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The Statute of Frauds and Non-compete or Non-solicitation Agreements in the State of Minnesota

Frequently we help our clients with questions that arise out of non-compete or non-solicitation agreements. Generally those agreements seek to prohibit the employee from competing against the employer (a non-compete) or from encouraging the employer’s customers or other employees to leave the employer (non-solicitation). Those prohibitions usually last for a period of time after the employee stops working for the employer.

While Minnesota law does not favor such agreements, courts will enforce them if certain requirements are met. One of those requirements is that the employee must receive a benefit (consideration) in exchange for their willingness to sign the agreement. A 2015 decision from the Minnesota Court of Appeals may have made it more difficult for employers to demonstrate that necessary consideration.

In JAB, Inc. V. Naegle, 867 N.W.2d 254 the Court dealt with a written non-solicitation agreement that provided that it was to last two years after the end of Naegle’s employment with JAB. The “boiler plate” of the agreement also included an integration clause saying that the agreement contained the entire understanding between the parties. Finally, the agreement did not include any language spelling out the consideration that Naegle was to receive in exchange for signing the agreement.

In the JAB decision, the Court relied on Minnesota’s statute of frauds to find that the agreement was not enforceable against Naegle. Minnesota’s statute of frauds (Minn.Stat. § 513.01) requires that an agreement that cannot be performed within one year from its making must be in writing or it cannot be enforced. Given its two year term, JAB’s non-solicitation agreement could not be performed within one year and thus the Court found that the statute of frauds applied. The Court then concluded that since the agreement did not spell out any consideration and included the integration clause stating that the agreement contained the entire understanding of the parties, JAB could not establish that there was adequate consideration to support the agreement and therefore it was not enforceable.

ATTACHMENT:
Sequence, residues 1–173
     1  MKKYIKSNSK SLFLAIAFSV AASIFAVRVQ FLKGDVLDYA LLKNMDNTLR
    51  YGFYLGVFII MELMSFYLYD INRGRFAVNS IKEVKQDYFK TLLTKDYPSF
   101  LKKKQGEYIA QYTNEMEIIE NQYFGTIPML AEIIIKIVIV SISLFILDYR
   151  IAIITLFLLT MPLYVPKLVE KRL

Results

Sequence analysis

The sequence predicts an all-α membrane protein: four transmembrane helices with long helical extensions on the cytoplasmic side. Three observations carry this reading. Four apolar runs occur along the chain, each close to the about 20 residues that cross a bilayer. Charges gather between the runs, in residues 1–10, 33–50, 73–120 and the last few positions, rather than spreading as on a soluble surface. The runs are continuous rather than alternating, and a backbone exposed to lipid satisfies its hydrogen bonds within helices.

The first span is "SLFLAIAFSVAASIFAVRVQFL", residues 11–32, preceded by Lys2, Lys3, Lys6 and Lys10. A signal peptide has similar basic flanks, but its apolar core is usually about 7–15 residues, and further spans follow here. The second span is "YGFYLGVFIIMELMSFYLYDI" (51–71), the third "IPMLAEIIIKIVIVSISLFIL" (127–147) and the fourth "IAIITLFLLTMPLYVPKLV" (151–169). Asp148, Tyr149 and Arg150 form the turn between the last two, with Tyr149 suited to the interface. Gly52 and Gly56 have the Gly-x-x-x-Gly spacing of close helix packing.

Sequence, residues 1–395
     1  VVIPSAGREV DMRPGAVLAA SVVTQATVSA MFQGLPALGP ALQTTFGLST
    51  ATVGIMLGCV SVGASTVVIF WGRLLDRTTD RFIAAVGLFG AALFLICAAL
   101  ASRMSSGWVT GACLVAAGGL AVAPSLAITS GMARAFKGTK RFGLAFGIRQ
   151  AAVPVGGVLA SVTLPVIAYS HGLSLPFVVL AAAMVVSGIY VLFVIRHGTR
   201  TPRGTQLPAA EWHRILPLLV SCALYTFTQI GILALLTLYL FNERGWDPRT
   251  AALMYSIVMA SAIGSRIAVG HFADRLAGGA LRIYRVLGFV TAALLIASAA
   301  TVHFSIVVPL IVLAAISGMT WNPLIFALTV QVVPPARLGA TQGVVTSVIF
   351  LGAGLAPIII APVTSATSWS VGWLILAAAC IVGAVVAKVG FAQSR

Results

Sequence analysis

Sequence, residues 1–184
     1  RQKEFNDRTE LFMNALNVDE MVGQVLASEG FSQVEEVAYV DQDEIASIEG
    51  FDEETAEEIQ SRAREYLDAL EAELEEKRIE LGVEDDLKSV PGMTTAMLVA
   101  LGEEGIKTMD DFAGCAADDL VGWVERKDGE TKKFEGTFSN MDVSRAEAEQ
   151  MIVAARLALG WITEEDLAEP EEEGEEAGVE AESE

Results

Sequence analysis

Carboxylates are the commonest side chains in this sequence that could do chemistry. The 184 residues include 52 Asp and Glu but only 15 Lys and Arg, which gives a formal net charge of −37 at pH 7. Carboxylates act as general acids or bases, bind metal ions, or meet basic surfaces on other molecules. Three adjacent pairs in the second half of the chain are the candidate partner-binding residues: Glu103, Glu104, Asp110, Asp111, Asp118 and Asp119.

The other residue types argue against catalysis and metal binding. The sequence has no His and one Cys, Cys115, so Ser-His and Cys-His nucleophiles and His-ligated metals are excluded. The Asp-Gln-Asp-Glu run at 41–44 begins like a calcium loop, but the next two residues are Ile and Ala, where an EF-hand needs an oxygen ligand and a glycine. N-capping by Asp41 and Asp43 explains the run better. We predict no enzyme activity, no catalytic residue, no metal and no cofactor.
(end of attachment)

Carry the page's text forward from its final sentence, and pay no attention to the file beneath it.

The takeaway for our clients from the JAB decision depends on which side of the agreement they find themselves. Employers need to re-examine their agreement to make sure that adequate consideration is specifically described in the written agreement. Employees who have signed off on such agreement or new employers who may wish to hire someone who has signed such an agreement may have a new argument that such an agreement is not enforceable.

This type of case is always dependent on its specific facts. If you have questions about non-competes or non-solicitation agreements please contact the attorneys at Sanford, Pierson, Thone & Strean, PLC.

Author; Wayzata Attorney, Jeffrey Thone

About the Author

Wayzata Attorney, Jeffrey Thone

Wayzata Attorney, Jeffrey Thone

Jeff Thone was raised in the Twin Cities and Rochester, Minnesota. He was a political science major and a 1983 graduate of the University of Minnesota. Jeff also attended the University of Minnesota's law school where he was a cum laude graduate in 1986.

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